Unfortunately, you may have to try several different antidepressants until you find the one that is right for you and your symptoms. If you have depression and high blood pressure, you have to find the right med that won't exacerbate blood pressure. A good physician will find out several things. First, he/she will examine you and your symptoms and take into consideration medications that have worked for others in your family. Usually someone presenting with blood pressure and depression will have someone else in their family suffering with the same thing. He/she should ask what other medications you are taking. You don't want to select a drug that will interact with something you are already on. For example, if you are taking imitrex for headaches, I wouldn't want to see an SSRI added, or maybe change the imitrex to something else.
A good physician should also ask what other conditions you suffer from, if you are pregnant or breastfeeding, what symptoms you are experiencing, and even what insurance you have or what will be covered. I know this last one is overlooked, but if a patient can't afford a medicine, what is the point of even seeing a physician if cost isn't taken into consideration DURING the visit.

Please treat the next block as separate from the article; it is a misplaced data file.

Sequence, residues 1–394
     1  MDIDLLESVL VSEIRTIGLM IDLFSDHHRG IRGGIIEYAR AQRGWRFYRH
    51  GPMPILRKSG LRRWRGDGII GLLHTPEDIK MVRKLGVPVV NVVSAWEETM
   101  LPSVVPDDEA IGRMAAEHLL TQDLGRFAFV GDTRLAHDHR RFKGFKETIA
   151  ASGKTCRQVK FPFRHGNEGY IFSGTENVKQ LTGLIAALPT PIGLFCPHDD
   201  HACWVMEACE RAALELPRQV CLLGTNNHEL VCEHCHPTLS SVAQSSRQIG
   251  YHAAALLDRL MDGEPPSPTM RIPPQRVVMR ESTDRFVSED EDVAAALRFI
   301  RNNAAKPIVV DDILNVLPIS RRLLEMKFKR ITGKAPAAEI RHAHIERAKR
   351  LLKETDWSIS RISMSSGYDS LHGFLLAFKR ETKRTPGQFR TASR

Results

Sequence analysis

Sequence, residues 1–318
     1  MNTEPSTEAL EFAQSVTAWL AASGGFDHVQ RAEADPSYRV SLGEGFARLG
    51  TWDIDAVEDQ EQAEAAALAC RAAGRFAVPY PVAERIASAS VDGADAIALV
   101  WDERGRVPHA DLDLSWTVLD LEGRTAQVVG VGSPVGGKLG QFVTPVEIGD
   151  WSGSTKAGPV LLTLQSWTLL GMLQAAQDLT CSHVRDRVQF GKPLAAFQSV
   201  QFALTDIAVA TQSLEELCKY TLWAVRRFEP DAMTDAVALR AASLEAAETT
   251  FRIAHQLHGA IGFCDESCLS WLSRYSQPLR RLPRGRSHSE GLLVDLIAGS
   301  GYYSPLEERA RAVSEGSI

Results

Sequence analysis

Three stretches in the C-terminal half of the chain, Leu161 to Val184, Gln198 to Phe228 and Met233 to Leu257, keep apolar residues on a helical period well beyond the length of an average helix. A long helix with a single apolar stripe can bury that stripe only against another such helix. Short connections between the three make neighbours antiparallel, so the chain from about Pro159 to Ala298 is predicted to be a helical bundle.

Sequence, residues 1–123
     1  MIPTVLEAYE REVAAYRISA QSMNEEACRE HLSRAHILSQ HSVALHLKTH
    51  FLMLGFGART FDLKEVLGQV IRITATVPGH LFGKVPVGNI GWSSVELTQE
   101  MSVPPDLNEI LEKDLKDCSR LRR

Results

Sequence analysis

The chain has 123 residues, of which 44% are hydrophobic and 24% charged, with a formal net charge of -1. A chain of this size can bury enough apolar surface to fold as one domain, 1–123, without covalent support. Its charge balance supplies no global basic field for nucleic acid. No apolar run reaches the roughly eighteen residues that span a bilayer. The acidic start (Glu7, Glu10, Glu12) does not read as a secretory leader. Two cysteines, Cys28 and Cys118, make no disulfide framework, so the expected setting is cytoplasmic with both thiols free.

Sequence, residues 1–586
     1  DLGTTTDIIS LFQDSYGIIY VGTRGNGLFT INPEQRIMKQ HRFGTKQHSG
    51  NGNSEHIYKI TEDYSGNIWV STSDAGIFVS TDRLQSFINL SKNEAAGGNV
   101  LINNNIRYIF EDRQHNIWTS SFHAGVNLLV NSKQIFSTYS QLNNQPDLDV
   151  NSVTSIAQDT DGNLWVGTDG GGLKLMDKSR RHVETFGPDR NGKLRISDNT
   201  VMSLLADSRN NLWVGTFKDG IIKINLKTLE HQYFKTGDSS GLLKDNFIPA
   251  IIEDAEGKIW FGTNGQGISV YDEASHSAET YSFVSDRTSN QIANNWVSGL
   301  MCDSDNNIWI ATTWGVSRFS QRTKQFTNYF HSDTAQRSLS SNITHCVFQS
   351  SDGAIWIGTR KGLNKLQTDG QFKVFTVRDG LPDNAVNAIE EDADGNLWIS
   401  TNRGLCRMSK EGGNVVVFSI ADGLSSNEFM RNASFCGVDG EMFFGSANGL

There are a few antidepressants that are documented to possibly cause an increase in blood pressure. Bupropion (Wellbutrin, Zyban), venlafaxine (Effexor), and duloxetine (Cymbalta) are a few. Ironically enough there are some studies out there to show that depression itself can cause a decrease in blood pressure and treating depression an increase.
Keep in mind, these medications are not off the table for treating depression, your physician just may have to adjust your blood pressure medications while you are taking antidepressants. Close monitoring, adherence to regimen and lifestyle changes can make this situation a lot better.
- Coping With Antidepressant Side Effects (everydayhealth.com)
- High Blood Pressure Can Be Caused By Loneliness? (holistichealthliving.wordpress.com)
- Antidepressant risk to thousands of pregnant women (telegraph.co.uk)